Are there any serious users of MF lenses on this forum?

Started 8 months ago | Discussions thread
Tom Caldwell
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Re: Are there any serious users of MF lenses on this forum?
In reply to Godfrey, 8 months ago

Godfrey wrote:

Tom Caldwell wrote:

Subtitled "What is a focal reducer?"

It seems that most members of this forum are using M4/3 oem AF lenses. They will perform well, are matched to the camera mount and are straight forward in use. No problem. ...

Hi Tom,

After several rounds of using various MF SLR lenses (not the ones designed and built for mFT) on my Panasonic G1, GF1, then Olympus E-PL1 and E-M1, I came to be of the opinion that the best lenses to use on this format were the ones built for the format. In particular respect to my Leica R lenses, while they worked well on the E-M1 in terms of sharpness and rendering, they lost the 'Leica Look magic' that is essentially why I own them.

I came to be of the opinion that these lenses were so well optimized for the 35mm film format that they needed a FF sensor of appropriate quality to do their thing and make the magic happen. So I bought a Sony A7 body to use them on, hoping that the 24Mpixel sensor would be good match.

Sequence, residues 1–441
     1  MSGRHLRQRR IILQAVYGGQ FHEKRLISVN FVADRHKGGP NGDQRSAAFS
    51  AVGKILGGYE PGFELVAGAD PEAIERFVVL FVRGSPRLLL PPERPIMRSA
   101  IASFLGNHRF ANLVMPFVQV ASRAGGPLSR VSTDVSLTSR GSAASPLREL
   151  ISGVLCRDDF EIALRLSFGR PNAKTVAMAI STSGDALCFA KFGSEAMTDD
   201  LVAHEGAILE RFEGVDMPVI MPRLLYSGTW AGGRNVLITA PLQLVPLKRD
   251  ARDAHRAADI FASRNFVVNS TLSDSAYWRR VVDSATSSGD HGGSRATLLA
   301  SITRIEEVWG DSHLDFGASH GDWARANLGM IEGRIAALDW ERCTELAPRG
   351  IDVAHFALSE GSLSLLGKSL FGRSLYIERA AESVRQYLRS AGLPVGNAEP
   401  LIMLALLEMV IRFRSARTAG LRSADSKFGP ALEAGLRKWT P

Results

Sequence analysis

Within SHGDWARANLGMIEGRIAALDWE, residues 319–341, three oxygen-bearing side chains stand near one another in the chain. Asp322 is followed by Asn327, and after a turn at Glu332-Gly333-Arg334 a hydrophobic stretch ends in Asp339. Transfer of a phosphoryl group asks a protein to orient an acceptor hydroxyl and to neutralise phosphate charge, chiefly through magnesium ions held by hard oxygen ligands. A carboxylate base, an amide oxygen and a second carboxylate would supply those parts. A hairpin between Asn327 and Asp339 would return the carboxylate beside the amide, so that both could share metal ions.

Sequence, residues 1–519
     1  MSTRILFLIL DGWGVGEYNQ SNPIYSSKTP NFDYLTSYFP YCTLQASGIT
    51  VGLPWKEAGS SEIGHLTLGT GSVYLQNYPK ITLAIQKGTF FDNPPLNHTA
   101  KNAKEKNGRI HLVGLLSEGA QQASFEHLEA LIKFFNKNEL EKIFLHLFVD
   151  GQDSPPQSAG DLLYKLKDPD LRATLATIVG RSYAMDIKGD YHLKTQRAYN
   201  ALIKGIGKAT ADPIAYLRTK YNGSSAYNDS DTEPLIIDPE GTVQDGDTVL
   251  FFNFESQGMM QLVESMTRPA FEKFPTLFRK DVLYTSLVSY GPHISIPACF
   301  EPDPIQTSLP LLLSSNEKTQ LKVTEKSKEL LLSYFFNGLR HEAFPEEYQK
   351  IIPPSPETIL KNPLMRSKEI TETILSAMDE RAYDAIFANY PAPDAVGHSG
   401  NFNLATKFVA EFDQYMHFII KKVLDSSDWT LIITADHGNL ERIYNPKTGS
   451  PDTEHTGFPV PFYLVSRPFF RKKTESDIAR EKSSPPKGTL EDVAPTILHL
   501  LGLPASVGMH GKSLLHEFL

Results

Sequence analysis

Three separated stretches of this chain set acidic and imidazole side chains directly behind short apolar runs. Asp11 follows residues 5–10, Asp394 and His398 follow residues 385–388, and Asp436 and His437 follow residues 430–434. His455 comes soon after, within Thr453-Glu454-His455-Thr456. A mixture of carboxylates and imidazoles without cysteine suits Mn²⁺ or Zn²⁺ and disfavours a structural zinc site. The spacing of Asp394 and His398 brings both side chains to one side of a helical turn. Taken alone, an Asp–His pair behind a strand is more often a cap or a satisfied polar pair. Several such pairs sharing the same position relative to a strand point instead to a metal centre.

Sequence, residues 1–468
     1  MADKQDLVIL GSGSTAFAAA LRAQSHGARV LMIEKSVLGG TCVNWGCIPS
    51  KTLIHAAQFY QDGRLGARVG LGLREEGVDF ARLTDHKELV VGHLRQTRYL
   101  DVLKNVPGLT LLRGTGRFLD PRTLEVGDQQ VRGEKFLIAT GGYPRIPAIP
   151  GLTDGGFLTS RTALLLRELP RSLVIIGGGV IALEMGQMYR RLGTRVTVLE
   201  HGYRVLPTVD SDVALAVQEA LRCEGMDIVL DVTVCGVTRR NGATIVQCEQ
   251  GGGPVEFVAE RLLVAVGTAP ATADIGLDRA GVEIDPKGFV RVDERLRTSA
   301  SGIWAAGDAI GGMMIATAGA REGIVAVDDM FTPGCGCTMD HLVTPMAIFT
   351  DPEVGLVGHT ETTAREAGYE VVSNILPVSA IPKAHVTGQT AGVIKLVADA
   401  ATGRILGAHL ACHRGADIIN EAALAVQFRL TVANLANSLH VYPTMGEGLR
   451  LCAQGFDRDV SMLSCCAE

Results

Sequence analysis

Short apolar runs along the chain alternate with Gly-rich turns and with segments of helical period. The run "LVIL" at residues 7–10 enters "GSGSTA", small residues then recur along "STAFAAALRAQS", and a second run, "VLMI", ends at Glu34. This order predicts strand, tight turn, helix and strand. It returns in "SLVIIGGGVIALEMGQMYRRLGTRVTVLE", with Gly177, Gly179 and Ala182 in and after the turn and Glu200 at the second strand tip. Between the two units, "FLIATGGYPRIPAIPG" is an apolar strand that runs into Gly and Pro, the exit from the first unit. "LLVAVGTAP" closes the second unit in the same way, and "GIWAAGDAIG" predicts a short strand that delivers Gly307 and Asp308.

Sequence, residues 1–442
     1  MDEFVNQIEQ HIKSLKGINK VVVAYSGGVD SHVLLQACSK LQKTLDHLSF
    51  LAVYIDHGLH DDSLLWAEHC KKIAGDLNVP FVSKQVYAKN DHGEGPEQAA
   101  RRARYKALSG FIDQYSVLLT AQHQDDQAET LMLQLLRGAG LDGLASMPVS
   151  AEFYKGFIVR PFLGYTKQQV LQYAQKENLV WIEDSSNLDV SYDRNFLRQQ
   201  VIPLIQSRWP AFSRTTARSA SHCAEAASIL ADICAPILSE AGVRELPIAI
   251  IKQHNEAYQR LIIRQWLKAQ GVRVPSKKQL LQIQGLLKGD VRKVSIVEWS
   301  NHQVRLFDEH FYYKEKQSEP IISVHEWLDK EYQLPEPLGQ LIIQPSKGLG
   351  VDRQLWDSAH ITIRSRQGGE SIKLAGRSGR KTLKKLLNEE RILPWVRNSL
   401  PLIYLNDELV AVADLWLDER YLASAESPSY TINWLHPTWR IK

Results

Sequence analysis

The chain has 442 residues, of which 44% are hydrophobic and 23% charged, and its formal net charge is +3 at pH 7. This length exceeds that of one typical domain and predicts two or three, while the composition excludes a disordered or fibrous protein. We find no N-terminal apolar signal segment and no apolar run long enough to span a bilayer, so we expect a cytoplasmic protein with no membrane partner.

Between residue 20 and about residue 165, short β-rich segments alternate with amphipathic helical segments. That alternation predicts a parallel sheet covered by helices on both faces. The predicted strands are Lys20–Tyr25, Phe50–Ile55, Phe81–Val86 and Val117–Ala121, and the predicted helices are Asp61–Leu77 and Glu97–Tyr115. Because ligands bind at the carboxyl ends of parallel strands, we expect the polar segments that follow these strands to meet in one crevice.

Lo and behold, it is. Doing comparative testing between the Leica R lenses on film (with a Leicaflex SL) and on the digital with the A7, the photos captured show the same lens characteristics and 'magic' from f/stop to f/stop. And they prove to me that my hunch was right: the tuning done to top-notch lenses does take the format they're designed for into account.*

I feel this is also why Micro-FourThirds bodies image so nicely with FourThirds SLR and Micro-FourThirds lenses: the lenses are all tuned with this specific format in mind, and as such, do the best rendering job. Oddball things aside ... like the Holga 25mm lens or the Skink Pinhole/Zone Plate lenses, or my construction of a Cosmicar 12.5mm f/1.4 TV lens onto an mFT mounting flange ... I use FT and mFT lenses exclusively on my E-M1 and E-PL1 now.

* The Ricoh GXR + A12 Camera Mount is an exception to this general rule. It is a case of a manufacturer of a camera format optimized specifically for existing lenses of a particular type on another format. Of course, that does not stop the notion that various lenses that work best on it can be a little different from lenses that work best on the film and FF-digital bodies that they are designed for, because that does happen too...

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Hi Godfrey it is almost a case of "fancy meeting up here" (grin)

You are quite right of course and maybe I should be using an A7.  But I am reluctant to give up my Ricoh GXR-M simply because it now works like it is part of my conscience, the thinking process. Mode 2 focus peaking of course is without peer and for something that has never been changed it seems to get better and better the more I use it.  Since I discovered the Clearviewer with its slightly awkward fitting I have increasingly warmed to Mode 2. I am now not nearly so interested in a big bright useful evf but of course would never knock one back if it were available.